How important is projector lumen output? - AVS Forum
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post #1 of 15 Old 03-26-2007, 12:33 PM - Thread Starter
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As the question implies, I'm wondering just how important projector lumen output really is because it's making me second guess my projector purchase. The current 1080P projector line up, for the most part, do not offer what many folks that frequent these boards think is enough. With the exception of the JVC, the rest of the under $5,000 units look pretty low on paper. Even the JVC looks pretty low, but I've read that its rating is an actual D65 calibrated rating so it's apparently fairly bright.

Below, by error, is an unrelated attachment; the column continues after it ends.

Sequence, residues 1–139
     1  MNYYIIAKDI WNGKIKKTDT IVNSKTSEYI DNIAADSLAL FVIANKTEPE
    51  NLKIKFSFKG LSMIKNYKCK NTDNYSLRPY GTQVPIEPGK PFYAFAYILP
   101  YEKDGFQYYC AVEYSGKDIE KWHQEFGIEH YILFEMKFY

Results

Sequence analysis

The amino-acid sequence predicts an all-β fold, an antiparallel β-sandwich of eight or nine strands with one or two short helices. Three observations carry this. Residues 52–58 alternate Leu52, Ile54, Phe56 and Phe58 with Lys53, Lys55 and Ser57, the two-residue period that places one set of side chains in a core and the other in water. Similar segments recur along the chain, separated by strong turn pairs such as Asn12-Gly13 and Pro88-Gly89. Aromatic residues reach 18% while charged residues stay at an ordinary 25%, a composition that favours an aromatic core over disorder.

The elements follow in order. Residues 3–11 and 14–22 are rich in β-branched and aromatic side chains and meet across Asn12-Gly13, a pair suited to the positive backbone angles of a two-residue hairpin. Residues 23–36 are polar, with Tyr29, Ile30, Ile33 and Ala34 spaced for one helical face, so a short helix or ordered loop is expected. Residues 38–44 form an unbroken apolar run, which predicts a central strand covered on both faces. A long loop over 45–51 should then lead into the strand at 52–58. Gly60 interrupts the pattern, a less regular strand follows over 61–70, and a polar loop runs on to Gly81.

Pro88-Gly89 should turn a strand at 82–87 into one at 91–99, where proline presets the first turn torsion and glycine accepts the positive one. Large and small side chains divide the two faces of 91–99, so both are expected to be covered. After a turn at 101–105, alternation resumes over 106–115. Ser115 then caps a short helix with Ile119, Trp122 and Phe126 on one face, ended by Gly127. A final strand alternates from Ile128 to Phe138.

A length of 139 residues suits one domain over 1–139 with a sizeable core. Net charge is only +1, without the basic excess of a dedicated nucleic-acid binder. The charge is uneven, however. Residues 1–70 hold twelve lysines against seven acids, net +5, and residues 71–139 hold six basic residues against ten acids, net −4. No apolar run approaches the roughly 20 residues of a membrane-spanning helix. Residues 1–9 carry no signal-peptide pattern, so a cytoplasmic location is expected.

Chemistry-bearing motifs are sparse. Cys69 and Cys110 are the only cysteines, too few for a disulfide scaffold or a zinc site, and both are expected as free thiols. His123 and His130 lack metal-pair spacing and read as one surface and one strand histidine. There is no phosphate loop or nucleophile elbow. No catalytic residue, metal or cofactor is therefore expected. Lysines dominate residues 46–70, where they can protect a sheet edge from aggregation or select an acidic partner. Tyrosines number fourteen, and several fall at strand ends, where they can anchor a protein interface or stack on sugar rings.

So what is it about lumen output that's so important? Why should I bother with this specification? Is there some magic number that the pro's shoot for when setting up theaters? I can't believe that with so much emphasis on it that there isn't some pretty accurate rules of thumb to go by

I was playing with my Panasonic 900 last night, switching between low and high lamp mode and I just didn't notice a whole heck of a lot. I definitely didn't think the extra little bit of light was worth the extra fan noise. That little bugger is horribly loud with the lamp on high.

I just ordered a Panasonic 1000U to replace the 900 last week, but as luck would have it, my order didn't go through and I have to either cancel it or confirm it again. I was a bit concerned over this whole lumen output discussion when I placed the order, so now I'm looking at it as Karma. Maybe this is some sort of sign, and I should just buy the RS-1? Whatever I buy, I need to pick up the phone and do it within the next 24 hours or so.